Abusive Relationships!

This article is written with a dual purpose in mind: one is for the individual to learn from and to research further with the web links; the other is from the teaching perspective, to begin with information which will encourage discussions with your class. I have compiled information from a wide range of sources. My hope is that instructors of the AKF will use this information to help them with the Self Defense aspect of teaching karate. Each article will focus on a different topic, to be used as a weekly or monthly lesson.

What is an abusive relationship?

Let's start with the word "abuse". Abuse is when one person tries to control another person in a non-consensual way. It is difficult to define because there are many kinds of abuse.

Abuse can be physical (hitting, kicking, punching, choking, slapping), or emotional (teasing, name-calling, public humiliation, threats of physical violence, isolation from friends and family, jealousy and possessiveness).

Research shows that the cycle of abuse begins with minor and infrequent occurrences. If there is no intervention, the power of the victimizer increases. This can lead to increased frequency and degree of violence. Abusive incidences begin with minor and infrequent occurrences, and if those are successful, they become more frequent and more intense. It is about control and power. Emotional abuse erodes your self esteem, your sense of worth, and if it continues you will start to believe that it is your own fault and you deserve it.

The third kind of abuse in a relationship is sexual abuse. Many people think that if you are in a relationship with someone, or if you are married, then sexual abuse isn't assault. This isn't the case. Any non-consensual, forced sexual contact from a partner is assault.

A fourth type of abuse is economic abuse. It is controlling, exploiting or limiting another person's access to financial resources, misuse of another's funds, cheating or stealing from a family member. This is often how the elderly are abused. Are Women the only people that are abused? NO – there is a growing number of men that are abused by their partners! Whereas a woman can fight back, a man cannot. There are laws in place that prevent a man from any kind of retaliation – they will be charged. Many women use this to abuse their men – they know that the man cannot fight back, or hurt them, or they will be charged with beating a woman. The only recourse for the man is to leave as quickly as possible, and to get help immediately.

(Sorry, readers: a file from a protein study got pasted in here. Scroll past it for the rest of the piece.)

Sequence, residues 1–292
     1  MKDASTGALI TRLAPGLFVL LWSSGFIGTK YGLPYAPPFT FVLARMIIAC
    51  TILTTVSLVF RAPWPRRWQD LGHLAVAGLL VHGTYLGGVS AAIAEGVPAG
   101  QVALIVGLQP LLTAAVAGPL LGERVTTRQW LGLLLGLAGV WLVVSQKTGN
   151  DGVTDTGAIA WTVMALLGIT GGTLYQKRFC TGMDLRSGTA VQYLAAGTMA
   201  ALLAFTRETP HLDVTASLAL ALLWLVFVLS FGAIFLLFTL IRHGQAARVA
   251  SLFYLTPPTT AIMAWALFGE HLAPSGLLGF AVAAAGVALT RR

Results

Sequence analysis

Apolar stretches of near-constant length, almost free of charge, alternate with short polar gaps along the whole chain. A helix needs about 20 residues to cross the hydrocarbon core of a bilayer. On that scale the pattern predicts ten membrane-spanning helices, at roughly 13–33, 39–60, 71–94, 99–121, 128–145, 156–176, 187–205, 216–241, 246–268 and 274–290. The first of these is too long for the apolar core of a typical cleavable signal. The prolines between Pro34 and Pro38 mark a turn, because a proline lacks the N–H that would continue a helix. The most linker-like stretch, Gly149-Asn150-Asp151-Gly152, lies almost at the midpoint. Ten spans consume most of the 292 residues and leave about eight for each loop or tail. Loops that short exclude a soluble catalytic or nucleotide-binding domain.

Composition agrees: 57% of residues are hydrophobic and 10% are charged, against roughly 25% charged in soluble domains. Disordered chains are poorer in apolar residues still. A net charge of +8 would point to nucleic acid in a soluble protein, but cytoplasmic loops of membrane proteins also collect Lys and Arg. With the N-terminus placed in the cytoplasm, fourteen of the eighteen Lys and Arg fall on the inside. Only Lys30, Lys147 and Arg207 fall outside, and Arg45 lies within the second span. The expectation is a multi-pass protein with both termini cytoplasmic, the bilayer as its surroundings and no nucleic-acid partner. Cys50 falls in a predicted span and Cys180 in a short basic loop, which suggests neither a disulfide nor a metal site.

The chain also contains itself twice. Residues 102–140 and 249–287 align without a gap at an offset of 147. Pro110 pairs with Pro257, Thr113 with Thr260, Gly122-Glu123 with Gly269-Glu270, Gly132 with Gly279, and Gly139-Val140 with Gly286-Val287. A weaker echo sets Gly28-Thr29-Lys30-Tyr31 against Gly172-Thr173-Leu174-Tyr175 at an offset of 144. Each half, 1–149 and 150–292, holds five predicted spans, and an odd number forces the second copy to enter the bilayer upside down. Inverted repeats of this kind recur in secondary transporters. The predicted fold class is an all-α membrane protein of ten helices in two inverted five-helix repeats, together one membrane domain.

Let's now discuss the second word in the title of this article – "relationship". The relationship would complicate matters, because it may be someone that you trust, and they can gain quite a bit of control over you, over a length of time. It could be a relationship with a parent, spouse, boy/girlfriend, in-laws, siblings, peers or friends, your boss or co-worker, or your own children (the aged are abused by their own children in many cases). Let's focus on your relationship with a partner.

What are some signs of an abusive relationship?

  • Does your partner: - Make you account for your time away from him/her?
  • Consistently ridicule or insult you?
  • Become extremely jealous if you talk to other people or go out with friends without him/her?
  • Threaten to hurt you or him/herself if you break up with them?